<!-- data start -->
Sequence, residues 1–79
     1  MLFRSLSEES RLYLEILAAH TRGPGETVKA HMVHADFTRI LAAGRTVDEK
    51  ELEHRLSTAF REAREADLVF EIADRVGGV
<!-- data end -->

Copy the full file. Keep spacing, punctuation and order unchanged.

Sequence, residues 1–79
     1  MLFRSLSEES RLYLEILAAH TRGPGETVKA HMVHADFTRI LAAGRTVDEK
    51  ELEHRLSTAF REAREADLVF EIADRVGGV